The 60 Day Milestone

The next big set of milestones should be your one to two-month window.  At this point, if you followed your plan you will have learned the basics of your company and individual job role and are ready to start getting things done.  It’s important to note that this is your time to shine when it comes to demonstrating your value to your manager and the company. If you have a probation period, most companies will have the expiration of that window fall within the 30-60 day mark.

With all of this in mind, employees starting a new job should think of the 60-day mark as a time when you should demonstrate value and alleviate stress or workload from other team members.  Real examples of accomplishable items could be an assessment and implementation of a system for escalating problems and decision making. Determine a few key tasks that should wind up on your plate rather than that of your manager.  Identify areas of inefficiency and put together plans and proposals for small changes in process. Substantive overhauls will take longer than two months, but working with the resources at hand will allow you to make an impact that is visible during this critical period of time.

90 Days…And Beyond

After you’ve soared through the first two months on the job it’s time to get to work planning for the long term.  At this point, you should be integrated with your fellow team mates and the feeling of being the new kid on the block will be easing.  During this stage, you can start making grand plans for changes in process, replacement of existing infrastructure, and ways that your role can help the company grow.  While the oversight you receive will be lessened after you’ve made it past probation, your managers will still be checking in to make sure you’ve got a firm understanding of the position.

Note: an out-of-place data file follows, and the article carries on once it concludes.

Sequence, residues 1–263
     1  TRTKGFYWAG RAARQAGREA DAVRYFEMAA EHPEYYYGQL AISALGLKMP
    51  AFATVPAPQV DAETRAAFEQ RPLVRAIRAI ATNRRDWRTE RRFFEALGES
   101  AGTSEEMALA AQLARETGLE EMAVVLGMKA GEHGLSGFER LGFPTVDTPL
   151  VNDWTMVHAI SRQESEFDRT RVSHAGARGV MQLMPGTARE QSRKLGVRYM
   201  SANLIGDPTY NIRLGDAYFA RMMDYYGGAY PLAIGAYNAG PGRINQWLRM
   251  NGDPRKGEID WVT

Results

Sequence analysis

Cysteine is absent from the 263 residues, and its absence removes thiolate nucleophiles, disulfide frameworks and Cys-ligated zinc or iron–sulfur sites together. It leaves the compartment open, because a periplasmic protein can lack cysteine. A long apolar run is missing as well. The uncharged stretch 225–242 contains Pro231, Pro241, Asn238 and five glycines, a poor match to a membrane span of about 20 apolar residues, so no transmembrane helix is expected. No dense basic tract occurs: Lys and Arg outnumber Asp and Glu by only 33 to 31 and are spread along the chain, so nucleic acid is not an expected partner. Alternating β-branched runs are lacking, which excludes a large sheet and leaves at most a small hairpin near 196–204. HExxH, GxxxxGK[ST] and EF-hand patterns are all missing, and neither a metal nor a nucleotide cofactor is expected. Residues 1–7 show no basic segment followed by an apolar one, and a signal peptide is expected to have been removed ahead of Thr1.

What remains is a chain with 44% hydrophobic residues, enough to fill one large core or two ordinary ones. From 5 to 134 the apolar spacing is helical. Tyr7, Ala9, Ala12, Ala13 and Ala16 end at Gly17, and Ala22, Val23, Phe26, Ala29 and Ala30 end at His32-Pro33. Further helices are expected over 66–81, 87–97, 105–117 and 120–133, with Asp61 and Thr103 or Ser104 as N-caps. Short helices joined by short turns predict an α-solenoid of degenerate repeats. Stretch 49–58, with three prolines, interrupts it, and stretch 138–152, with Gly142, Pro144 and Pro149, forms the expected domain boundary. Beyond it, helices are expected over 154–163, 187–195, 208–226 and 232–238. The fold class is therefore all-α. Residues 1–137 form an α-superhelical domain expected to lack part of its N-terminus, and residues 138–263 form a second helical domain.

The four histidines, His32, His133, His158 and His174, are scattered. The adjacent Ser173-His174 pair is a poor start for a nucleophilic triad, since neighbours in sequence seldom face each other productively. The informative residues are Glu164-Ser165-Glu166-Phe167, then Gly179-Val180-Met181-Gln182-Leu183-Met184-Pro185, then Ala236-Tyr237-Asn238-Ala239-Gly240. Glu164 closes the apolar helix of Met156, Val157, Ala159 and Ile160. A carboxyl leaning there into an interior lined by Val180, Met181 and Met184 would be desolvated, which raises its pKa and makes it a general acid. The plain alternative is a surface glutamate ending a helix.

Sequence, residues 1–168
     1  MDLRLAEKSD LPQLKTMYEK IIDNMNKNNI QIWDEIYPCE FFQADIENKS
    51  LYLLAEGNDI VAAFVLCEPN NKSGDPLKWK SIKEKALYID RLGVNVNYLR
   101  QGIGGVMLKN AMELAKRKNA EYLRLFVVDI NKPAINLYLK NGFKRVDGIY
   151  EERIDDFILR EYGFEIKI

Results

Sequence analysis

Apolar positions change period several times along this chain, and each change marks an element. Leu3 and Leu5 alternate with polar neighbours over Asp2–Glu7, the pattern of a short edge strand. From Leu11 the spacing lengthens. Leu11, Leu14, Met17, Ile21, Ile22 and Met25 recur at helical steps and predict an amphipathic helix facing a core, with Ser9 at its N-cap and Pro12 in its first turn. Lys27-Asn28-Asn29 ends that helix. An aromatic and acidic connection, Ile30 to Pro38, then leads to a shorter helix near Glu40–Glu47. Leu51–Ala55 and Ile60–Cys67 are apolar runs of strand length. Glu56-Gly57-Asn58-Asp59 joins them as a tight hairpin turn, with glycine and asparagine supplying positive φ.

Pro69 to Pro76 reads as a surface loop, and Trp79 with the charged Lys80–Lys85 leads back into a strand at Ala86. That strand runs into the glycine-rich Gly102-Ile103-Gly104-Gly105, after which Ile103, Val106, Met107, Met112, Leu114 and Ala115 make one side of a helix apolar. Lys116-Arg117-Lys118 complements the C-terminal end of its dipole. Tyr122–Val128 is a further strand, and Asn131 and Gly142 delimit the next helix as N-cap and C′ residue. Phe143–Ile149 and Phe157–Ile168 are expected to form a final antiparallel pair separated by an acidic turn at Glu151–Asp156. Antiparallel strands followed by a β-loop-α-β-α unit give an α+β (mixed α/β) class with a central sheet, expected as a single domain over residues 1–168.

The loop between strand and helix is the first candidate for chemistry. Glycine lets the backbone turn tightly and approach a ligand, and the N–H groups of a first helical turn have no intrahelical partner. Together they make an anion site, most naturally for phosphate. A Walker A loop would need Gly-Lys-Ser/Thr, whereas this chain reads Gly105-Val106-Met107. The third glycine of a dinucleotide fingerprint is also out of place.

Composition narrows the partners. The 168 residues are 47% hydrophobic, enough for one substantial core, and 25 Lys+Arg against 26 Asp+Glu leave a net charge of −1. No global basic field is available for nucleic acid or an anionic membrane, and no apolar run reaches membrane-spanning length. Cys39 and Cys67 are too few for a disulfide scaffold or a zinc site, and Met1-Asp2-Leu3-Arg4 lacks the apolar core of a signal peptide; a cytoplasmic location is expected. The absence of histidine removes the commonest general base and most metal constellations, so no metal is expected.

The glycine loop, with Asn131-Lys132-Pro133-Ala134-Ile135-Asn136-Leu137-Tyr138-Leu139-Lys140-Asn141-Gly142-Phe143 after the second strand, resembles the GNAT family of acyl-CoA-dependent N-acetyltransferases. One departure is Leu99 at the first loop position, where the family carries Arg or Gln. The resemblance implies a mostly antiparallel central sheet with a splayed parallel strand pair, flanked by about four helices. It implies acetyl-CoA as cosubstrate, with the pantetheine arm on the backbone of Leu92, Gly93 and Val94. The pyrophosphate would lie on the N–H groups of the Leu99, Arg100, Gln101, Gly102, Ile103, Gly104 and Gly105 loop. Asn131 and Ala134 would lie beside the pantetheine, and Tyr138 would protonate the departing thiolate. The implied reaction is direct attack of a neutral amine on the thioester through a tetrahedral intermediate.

From two to three months, start setting meetings and check ins with your fellow team members.  Find out how the minor process changes you previously made are working out. Ask for feedback and encourage open communication of problems or areas of improvement.  These meetings will be important for letting your team know you have a firm grasp on your position and are actively working towards bigger and better contributions. Depending on your industry or job description, concrete goals such as “x dollars of increased sales” or “y number of more customers” would be great 90 day goals.

After your 90 days is up, the party certainly isn’t over.  Documenting goals through the use of a quarterly or yearly plan can help you gauge your own performance and can also aid in professional development.  Becoming stale is never a good thing in life or business and a regular honest assessment combined with milestones to work towards can help avoid getting into a rut.

Finally, when it comes to format a plan can be as formal as a typed memo or as simple as a set of notebook entries; whichever format works best for your working style.  The most important aspect is writing the plan down and continuing to check in regularly. Keep this up throughout your career and you’ll be assured of always working towards something and moving upwards and onwards in your career.

Jolene Pilgrim